Am I crazy?

Like, am I an actual crazy person? I certainly have had my moments. Y’know, like being hospitalised twice. No, wait, three times. But just twice for proper in-patient brain-sick care as opposed to fix the physical harm care. And I have sheafs full of notes /diagnoses somewhere in a psychiatrist’s office. And I’ve taken medicines, and I’ve suffered delusions where what I knew to be true and what I believed I was experiencing fought with each other.

And I feel very odd a lot of the time.

I feel irritable and angry too. And I sometimes feel really really overwhelmed and like it’s all a bit much to cope with and then I just want to shut down for a while. Because I’ve learned well-enough that I can mostly wait it out – the crazy feelings.

See, I’m starting to think that the crazy is just in my feelings, and if all feelings are transitory, and I can learn to detach a bit from them, then am I crazy?

For a long time when I was lots lots younger (and a little less younger, and a little less than that again), I used to be afraid that I wasn’t crazy. Coz, at least if I was crazy there would be a “reason” or an explanation or something, something that would give a cause and effect to how misplaced I felt all the time. The scariest thing in the world to me was the thought that there was nothing wrong with me, because – I thought – a wrong thing could be fixed. So I listened to the things that I was told were wrong with me and took the appropriate steps to address them, because I am a huge believer in personal responsibility.

And I kept on walking through the world like a misaligned part, each step like Ariel’s excruciating ones on her impaired human legs.

I don’t know what I think now. I still feel like a piece of grit in an homogenous oyster world – but! But, I sometimes think now that that’s a hell of a lot more normal than we’re expected to believe.

It’s like this huge ridiculous masquerade that we’re all participating in, all having fooled ourselves that we’re the only ones wearing ridiculous masks and that everyone else is really showing their true face.

Social media has probably amplified this to an excruciating level, where the acceptable beats of people’s lives are all that is displayed in a disingenuously familiar and honest-sounding casual tone of friendliness. So intensifying the feelings of failure to achieve amongst the readers, whilst simultaneously providing the blueprint for what is acceptable to share.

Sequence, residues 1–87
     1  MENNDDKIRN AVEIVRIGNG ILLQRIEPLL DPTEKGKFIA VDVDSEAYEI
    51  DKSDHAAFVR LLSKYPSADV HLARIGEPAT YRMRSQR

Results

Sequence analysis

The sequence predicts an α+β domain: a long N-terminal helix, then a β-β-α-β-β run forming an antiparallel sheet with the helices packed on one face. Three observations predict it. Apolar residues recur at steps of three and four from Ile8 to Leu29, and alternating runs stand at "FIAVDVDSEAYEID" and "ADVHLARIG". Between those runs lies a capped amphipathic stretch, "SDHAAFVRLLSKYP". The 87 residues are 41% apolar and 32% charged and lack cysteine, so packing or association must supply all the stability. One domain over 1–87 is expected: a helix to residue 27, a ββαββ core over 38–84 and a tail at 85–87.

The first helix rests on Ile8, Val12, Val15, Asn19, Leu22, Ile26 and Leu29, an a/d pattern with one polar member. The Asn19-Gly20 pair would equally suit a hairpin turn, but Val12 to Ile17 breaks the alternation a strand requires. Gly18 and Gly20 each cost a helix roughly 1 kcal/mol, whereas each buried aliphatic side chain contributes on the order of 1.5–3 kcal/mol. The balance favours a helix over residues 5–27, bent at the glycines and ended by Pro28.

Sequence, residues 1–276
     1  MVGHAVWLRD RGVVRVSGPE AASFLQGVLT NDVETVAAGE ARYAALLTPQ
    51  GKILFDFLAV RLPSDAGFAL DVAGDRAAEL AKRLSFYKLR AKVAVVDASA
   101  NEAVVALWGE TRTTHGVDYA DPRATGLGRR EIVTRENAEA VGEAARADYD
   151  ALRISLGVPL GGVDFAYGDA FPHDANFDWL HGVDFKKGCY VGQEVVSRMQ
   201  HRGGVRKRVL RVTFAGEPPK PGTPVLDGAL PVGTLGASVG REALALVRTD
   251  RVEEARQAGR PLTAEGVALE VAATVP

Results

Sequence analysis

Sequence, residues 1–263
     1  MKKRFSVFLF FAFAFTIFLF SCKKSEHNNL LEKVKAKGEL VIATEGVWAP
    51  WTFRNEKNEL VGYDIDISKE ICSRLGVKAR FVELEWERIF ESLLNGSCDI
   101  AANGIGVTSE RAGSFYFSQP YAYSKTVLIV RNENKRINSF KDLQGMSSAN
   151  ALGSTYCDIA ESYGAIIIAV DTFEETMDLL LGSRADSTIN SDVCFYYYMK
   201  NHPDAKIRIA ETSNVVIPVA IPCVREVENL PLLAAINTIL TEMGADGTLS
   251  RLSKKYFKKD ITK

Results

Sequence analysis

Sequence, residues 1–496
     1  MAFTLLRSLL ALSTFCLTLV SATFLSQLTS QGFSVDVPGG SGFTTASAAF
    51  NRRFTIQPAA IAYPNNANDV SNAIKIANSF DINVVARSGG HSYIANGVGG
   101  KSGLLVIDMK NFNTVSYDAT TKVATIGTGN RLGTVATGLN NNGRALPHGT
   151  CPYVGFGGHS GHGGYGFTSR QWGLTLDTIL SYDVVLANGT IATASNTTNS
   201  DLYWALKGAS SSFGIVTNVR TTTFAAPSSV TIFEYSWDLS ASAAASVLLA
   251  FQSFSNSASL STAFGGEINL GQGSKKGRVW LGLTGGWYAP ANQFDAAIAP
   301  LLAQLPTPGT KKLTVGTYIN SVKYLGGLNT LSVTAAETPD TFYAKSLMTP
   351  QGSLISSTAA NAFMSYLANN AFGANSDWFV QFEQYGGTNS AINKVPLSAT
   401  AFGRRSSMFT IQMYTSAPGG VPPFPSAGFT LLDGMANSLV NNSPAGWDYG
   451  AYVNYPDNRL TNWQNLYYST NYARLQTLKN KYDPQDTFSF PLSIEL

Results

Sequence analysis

Look! I’m no better in any way whatsoever. You’d easily believe my days are a bundle of sunshine and advertising-friendly moments of scripted and palatable “chaos” – the type of disorganisation that makes a person seem more approachable for being just the right amount of imperfect.

But the three times yesterday that I lost my temper and yelled at my son, reducing him to tears are not present. I want to explain straight away that I immediately comforted him and apologised and talked about it with him. But he’s four, and I made him really sad because I – the so-called adult in the room – didn’t have control over my reactions. Stuff that was probably about more than whatever irritating or physically painful trigger pushed me over the edge in each of those particular moments.

And as I held him and apologised and talked about my humanity and promised that I would try to breathe and not shout next time, all I could think of was that maybe I was like some kind of abuser. I think yelling is a pretty bad thing to do. It signifies a loss of control and I imagine, to kids, it reads as them having crossed past the limits of their parent’s love – because they have no idea how endless, how truly representative of infinity that land is.

I know it felt that way to me when I was a child.

So then I did the next worst thing I could do as an adult. I cried.

I added my tears and my shame and all my isolation and neediness into the mix, into a space that should have been about healing and being a safe and secure place for him.

I have kind of mixed feelings about this, because part of me thinks there’s way too much stigma placed on crying, and maybe it’s not so bad for kids to realise that grown-ups cry too, and maybe even let them see that it moves through and it can maybe just be part of life. You can come out the other side of a really difficult big feeling.

And it wasn’t just about the interactions of the day; I just felt overwhelmed and out of coping.

I guess I won’t know how bad of a parent I’ve been ’til he’s my age and going through his own therapy. Ha! That’s a lie, I would never share with my parents the stuff I talk about in therapy.

I just really felt like a bad mother yesterday. And a bit of a crazy one to boot.

So, I’d love to end this post on an upbeat note – I mean, everything’s okay today, we’re moving through the usual and affectionate orbits of life. But that’s more bow-wrapping of life. I think I’ll just leave this here. It’s been difficult for me to write this, but just, I think it was important to say. Maybe this is how I diffuse my shame, and then that’s how I get better. Coz I really really am trying to do better.

God I hope intent counts for something when it comes to parenting.